How do I choose a 4-H project?

Think about what you like to do or what you are interested in, then look at the list of projects. Some of the project manuals are available in your local extension office and some are on the Web. Select one that looks interesting and find out more about it. Your 4-H leader and your parent can also help you decide. Check with your 4-H leader to find out if there are requirements for the project.

Do I have to do all the activities in the project guide or manual?

Of course not. The member, parents and leader choose the activities. Members may plan do do a little or a lot based on their interests and abilities. Project plans (goals) change as a member’s interests change.

How much time is spent on a 4-H projects?

It depends on the size and scope of a member’s plan and goals. Some projects take a few days, weeks or even months. Some projects are repeated or undertaken again the following year to learn more and accomplish more goals.

Are there rewards for completing 4-H projects?

There are several ways to receive awards and recognition for completing projects. Check with your county 4-H staff member or 4-H leader to find out if there are special requirements.

How do I get 4-H project manuals or guides?

Your 4-H leader or county 4-H staff member will have a list of project manuals or guides. Some project activities are on the Web. Your 4-H staff member may have extra copies in his or her office. Otherwise, the manuals can be ordered. Your 4-H leader or 4-H staff member can help you, so just ask!

Is there a list of projects?

4-H can be anything you want it to be. 4-H projects are based on research, so you can have up-to-date and accurate information about the things you’re interested in. 4-H project manuals and guides give you ideas for activities to do and ways to learn more. Not all of these projects may be offered by your club or county 4-H program, but this is a great place to explore! If there is something that you are interested in and it’s not on the list, talk with your county 4-H staff member.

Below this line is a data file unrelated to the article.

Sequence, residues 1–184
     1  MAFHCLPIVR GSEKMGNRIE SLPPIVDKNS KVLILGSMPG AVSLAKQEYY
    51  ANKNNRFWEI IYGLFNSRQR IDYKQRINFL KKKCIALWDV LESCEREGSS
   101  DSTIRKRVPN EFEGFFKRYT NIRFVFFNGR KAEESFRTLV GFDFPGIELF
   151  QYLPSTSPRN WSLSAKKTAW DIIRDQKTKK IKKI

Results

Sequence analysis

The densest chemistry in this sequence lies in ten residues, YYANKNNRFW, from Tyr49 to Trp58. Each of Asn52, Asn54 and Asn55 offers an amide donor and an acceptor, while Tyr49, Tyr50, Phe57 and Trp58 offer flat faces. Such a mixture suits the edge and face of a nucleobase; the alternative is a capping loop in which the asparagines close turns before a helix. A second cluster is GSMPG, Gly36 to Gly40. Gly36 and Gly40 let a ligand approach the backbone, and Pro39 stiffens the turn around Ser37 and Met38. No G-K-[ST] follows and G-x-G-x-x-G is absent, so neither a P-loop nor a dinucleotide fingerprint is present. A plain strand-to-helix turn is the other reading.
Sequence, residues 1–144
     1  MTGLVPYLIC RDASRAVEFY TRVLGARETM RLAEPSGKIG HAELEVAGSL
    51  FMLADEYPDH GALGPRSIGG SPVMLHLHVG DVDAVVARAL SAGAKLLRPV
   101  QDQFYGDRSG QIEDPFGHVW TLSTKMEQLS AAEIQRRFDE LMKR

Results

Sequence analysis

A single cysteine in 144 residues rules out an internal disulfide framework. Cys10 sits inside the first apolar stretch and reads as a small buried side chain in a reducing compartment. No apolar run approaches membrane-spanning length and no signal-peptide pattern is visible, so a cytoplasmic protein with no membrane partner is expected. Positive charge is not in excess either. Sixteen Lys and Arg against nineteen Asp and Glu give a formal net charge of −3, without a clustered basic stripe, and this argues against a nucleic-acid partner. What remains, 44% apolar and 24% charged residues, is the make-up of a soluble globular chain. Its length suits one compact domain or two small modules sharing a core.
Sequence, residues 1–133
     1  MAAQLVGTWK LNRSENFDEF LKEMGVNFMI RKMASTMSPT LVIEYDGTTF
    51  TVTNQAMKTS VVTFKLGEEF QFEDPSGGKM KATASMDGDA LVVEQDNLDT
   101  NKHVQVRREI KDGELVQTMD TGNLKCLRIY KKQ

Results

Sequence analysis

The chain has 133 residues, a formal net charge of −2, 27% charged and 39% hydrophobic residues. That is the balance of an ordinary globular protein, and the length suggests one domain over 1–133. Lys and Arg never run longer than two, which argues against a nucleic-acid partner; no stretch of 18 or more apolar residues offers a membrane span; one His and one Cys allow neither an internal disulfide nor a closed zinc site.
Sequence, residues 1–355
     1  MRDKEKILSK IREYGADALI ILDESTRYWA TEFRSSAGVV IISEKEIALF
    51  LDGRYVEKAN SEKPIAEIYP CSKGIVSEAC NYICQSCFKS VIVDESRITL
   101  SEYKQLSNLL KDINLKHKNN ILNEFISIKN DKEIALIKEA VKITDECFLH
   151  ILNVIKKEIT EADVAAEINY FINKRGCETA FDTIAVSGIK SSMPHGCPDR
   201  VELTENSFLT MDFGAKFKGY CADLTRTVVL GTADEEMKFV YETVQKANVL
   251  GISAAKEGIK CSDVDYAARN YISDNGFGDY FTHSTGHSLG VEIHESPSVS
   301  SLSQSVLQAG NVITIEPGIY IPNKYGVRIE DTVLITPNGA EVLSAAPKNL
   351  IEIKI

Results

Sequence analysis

List of Projects

  • All Terrain Vehicles
  • Ambassadors
  • Animal Science
  • Arts and Crafts
  • Beef
  • Bicycling
  • Birds
  • Breads
  • Cake Decorating
  • Camping
  • Careers
  • Cats
  • Cavies
  • Ceramics
  • Child Development
  • Community Involvement
  • Computers
  • Dairy
  • Dance
  • Dogs
  • Drawing and Painting
  • Electricity/Energy
  • Embryology
  • Exotic Animals
  • Fashion Revue
  • Fishing
  • Fitness
  • Gardening
  • Geology
  • Goats
  • GPS/GIS Technology
  • Guide Dogs
  • Health
  • Health Rocks!
  • Healthy Living
  • Horse
  • Insects
  • Knitting and Crocheting
  • Leadership
  • Leathercraft
  • Llamas
  • Needlework
  • Outdoor Adventure
  • Performing Arts
  • Pets
  • Photography
  • Plant Science
  • Poultry
  • Preparing Meals
  • Public Speaking
  • Rabbits
  • Recreation
  • Robotics
  • Rocketry
  • Science and Technology
  • Scrapbooking
  • Sculpting
  • Sewing and Quilting
  • Sheep
  • Shooting Sports
  • Skiing and Snowboarding
  • Small Engines
  • Soils and Water
  • Swine
  • Theatre Arts
  • Understanding Other Cultures
  • Veterinary Science
  • Videography
  • Wildlife
  • Woodworking
  • Wool Spinning

 4-H Today (English)                                                                        4-H Today (Spanish)